And you ask, will you refuse to make compensation ter's interest in his slave was put, was exposure of the per. for property taken for your use, because the act of the of- son of the slave to a public enemy. This exposure was il. ficer in taking it was illegal? I answer, no ; not merely legal, in any point of view, if effected compulsorily as because the act was illegal. For, believing as I do, that to the slave, whether by impressment or by contract all impressment of property is illegal, there are yet, pro- with his master. And I cannot, for the life of me, there. bably, many losses arising from such acts, for which I fore, see any difference in principle between indemnity would make ample compensation for the relief of the offi. for a partial loss of interest in the slave, occasioned ce:--but of one thing I would always first be satisfied, by the destruction of an eye, and indemnity for a total and that is, of the necessity which existed for the illegal loss of interest, had the same shot which put out the eye, act. Arid of the necessity of impressing a slave into the passed through the brain, and ended his existence. public service, I never could be satisfied-I never would It is, then, because the slave, though property, is a hu. be satisfied.

man being—because the master has no power over his What is a slave! An animal, born and bound to per. life and members, beyond their employment, under cir. petual servitude-degraded indeed, but yet a man-with cumstances of probable safety-because neither the Gov. nothing on earth that he can call his own : his very chil. ernment nor its officers have the power to impress any dren are the property of his master ; the dew of Heaven animal having

the quality of man-because human life is never falls on his dwelling; the sun itself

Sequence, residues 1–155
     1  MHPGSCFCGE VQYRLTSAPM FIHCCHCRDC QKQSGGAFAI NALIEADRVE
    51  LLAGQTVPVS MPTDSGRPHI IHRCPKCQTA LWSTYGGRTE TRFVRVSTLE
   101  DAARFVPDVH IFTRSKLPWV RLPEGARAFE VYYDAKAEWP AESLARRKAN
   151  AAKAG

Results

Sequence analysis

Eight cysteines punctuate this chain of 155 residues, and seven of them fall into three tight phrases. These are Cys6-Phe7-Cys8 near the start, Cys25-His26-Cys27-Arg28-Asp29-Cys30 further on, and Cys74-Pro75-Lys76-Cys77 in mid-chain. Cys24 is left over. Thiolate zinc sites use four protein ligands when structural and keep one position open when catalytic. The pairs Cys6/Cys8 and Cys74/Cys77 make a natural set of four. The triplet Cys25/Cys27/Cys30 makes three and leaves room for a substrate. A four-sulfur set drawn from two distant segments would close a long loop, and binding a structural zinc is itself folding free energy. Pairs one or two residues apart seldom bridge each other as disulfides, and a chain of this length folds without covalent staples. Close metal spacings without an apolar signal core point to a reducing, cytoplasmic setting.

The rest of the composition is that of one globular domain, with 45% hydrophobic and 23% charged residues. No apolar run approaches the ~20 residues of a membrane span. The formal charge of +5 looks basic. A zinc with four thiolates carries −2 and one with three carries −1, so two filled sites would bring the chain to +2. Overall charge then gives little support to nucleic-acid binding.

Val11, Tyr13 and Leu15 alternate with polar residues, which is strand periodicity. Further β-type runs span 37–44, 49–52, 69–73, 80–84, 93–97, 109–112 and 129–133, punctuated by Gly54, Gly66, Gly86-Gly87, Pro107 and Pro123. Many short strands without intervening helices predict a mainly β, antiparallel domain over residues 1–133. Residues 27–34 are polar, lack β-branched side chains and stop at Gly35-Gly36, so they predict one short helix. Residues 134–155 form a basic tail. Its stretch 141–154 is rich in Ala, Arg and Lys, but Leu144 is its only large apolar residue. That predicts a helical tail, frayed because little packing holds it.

never arises on not to be estimated in damages-because this Govern. his home, or his coundry : even the hope of a better con ment should never give its sanction to an illegal impressdition and happily for him, perhaps, for, like a brief ment, and especially the impressment of a slave ; or to an light, springing up in the boson of the desponding, it illegal contract, and especially one that should touch the sometimes serves only the more effectually to discover life of a human being–because this Government cannot the darkness which envelopes it-even the hope of a bet. chatfer in human life or human limbs, without danger of ter condition is buried up and extinguished in his utter staining its hands with human blood—it is for these readegradation! What interest has such a being in the stu. sons that I cannot vote for this bill. pendous events that are passing in the world? What in. Une word in conclusion, I intended, when I set out, terest has he in your country ? None. What cares he for to avoid, as far as possible, every thing which might be a foreign and invading enemy? Nothing. A public en offensive either in principle or in expression. If I have not emy can take nothing from him-and, if the gentleman done so, I regret it exceedingly. I solemnly, appeal to from Louisiana, (Mr. LIVINGSTON) who seems to be tak. God, that I would not knowingly and willingly utter a ing notes, wishes to take it down, I repeat it-a public sentiment or a syllable that I believed would tend to unenemy can take nothing from him, because he has noth settle any one correct principle upon which property in

VOL. IV.-93